I’ve always wanted to use the word “Alas” as a title for something because the word says so much to me, and sounds so much nicer, than therefore, thus, consequently…and for me, it does not have a negative connotation
As they often are, my posts tend toward being egocentric—having to do with something I’m dealing with. My thinking is, if I’m going through/learning/puzzling over something, maybe my thoughts will help other writers going through the same thing? So here’s the latest from my little corner of the writing world.
I’m on the umpteenth adjustment/edit of my latest, “Never Forgotten.” My first novella. And though scheduled to be out right now—unfortunately “Never Forgotten is turning into seemingly “Never Finished.”
And I blame it all on Writers in Residence!
Alas, I’ve listened to both what my fellow Writers in Residence, and what our commenters have said here; and most importantly, I’ve tried to incorporate their insights into my thinking. If that sounds like a plug, it is. My advice to myself and others, has always been, listen, listen, listen.You may not use it all, or disagree…but if you don’t listen, you’ll never know if you missed a great tidbit.
And a lot of the great tidbits I’ve picked up are not direct editing(in the traditional usage), but incorporating concepts, ideas, story-telling enhancements. Refinements that raise your writing to a higher level. And that kind of editing, for me, takes longer than fixing misplaced commas et al. (not that I don’t do an awful lot of that)… Here’s a recent example. I had several lead characters doing the activities in one day that you or I would need at least three days to do. I noticed that in this latest edit because of Gayle Bartos-Pool’s excellent post on laying out your time line.
Here are a couple more time consuming review items that I’ve picked up on this writing trail…
- I write in third person and as such consider I need to be a disaffected narrator of events, while also getting inside the head of the current scenes POV(usually the protagonist or villian) character and emotions. Keeping that straight …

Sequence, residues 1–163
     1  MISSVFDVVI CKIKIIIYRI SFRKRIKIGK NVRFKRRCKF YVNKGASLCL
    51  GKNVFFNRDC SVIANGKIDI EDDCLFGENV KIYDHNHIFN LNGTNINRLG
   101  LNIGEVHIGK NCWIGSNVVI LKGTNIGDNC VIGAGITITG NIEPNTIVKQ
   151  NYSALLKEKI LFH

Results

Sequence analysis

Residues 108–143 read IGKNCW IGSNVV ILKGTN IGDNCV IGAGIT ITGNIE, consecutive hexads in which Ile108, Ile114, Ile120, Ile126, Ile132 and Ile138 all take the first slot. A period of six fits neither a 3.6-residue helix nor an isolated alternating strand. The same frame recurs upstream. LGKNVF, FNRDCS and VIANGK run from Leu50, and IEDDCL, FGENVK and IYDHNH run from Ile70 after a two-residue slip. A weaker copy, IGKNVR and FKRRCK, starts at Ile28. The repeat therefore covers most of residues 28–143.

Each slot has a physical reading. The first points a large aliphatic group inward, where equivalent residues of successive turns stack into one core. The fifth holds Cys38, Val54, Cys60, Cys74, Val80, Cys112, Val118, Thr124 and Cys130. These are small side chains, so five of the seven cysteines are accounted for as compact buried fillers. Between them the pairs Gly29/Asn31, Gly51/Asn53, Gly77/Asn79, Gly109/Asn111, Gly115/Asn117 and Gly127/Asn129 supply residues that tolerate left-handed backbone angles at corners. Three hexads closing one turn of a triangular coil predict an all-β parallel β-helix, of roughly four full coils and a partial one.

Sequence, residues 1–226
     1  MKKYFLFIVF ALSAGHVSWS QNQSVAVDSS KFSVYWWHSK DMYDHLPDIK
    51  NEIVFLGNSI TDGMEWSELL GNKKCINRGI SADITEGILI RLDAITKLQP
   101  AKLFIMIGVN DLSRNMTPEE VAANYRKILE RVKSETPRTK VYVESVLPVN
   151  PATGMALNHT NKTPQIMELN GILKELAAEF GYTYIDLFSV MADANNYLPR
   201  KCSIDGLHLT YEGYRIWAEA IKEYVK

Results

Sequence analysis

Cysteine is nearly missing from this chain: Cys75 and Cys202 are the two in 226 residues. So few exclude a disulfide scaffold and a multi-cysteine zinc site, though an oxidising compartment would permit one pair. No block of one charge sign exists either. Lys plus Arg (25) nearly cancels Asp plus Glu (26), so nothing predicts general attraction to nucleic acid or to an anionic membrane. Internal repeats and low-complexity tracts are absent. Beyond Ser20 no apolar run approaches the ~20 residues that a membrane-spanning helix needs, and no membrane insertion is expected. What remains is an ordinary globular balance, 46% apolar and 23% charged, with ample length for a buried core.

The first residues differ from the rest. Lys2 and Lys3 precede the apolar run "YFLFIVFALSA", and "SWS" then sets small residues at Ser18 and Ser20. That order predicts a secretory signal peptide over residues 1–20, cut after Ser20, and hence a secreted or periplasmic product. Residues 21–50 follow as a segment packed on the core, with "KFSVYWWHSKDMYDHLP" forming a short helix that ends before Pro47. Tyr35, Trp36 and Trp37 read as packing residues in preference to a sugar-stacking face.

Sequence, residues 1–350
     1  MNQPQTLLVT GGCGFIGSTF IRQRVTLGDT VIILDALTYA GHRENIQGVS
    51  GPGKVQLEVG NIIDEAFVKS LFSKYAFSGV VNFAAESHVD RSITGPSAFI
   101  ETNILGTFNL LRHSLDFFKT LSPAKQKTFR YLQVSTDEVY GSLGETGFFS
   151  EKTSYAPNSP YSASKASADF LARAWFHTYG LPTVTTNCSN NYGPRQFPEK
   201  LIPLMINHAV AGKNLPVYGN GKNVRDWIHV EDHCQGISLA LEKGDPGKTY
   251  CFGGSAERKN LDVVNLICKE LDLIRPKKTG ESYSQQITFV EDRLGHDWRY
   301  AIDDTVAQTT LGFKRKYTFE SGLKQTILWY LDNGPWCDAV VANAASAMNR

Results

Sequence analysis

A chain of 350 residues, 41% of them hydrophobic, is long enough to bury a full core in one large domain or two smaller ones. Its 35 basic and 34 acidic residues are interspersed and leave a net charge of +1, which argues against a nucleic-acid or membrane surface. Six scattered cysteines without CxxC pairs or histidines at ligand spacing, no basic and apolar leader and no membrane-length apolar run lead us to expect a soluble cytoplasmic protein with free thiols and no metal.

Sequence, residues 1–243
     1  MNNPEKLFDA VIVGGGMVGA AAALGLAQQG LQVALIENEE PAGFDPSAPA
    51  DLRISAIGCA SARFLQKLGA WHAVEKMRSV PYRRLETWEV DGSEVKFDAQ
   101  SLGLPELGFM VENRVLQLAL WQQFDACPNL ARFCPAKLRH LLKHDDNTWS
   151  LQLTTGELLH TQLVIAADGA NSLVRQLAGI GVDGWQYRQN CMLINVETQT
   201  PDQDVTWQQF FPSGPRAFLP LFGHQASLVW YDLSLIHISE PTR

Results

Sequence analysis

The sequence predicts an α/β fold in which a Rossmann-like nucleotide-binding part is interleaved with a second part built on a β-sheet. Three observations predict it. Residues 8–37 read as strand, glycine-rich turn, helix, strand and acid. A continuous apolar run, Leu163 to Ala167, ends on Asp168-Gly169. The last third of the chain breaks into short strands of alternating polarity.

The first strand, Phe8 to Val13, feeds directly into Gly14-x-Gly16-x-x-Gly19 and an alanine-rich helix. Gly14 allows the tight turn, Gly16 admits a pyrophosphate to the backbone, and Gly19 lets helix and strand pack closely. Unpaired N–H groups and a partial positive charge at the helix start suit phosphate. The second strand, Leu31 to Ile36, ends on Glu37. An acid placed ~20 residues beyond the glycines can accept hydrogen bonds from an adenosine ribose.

- And of course, have I used the best words? i.e. Holding, clasping, clutching, or grasping LC’s diary in his hand.
- Redundancies, and its counter-balance—not clearly explaining at least once.
- Conclusions left out, because one is assuming the reader put my two and two together correctly.
- Pictures of characters not clearly drawn (hard one), and again, its counter-balance, letting the reader develop their own picture from people they’ve known.
- Words inconsistent with scene POV character’s life experiences
My point to all this whining is: because of Writers in Residence, “Never Forgotten,” whenever it’s finally out, will be better for all the advice and knowledge I’ve gotten here. So, I most heartily, not only encourage other writers to read our blog (another blatant plug), but if not us, find that group, that person, that editor—that can not only give “editing” advice, but also address good writing concerns. Having a story go from your head—to paper, is not enough. I definitely want a reader to understand and enjoy my little stories. And hopefully, want to come back for more. My egocentric opinion I know, but I really think a genuine area for thought.
As a side note: being privileged enough to be a Writer in Residence, has led me into thinking about my writing a lot, and I’ve received and taken in soooooo much great advice. And finally, on the “Never Forgotten” front, my LAST(smile) pass is currently being reviewed by my trusted editor Kitty Kladstrup.
A further nugget here besides just me bellyaching about editing…is to point out that good writing, I think, takes effort and hard work. That being said, I can’t really see Agatha Christie at her Remington Home Portable typewriter agonizing over whether Hercule was sitting, lounging, arranged in his chair… Hmmm.
Alas, it’s never a straight line to anything….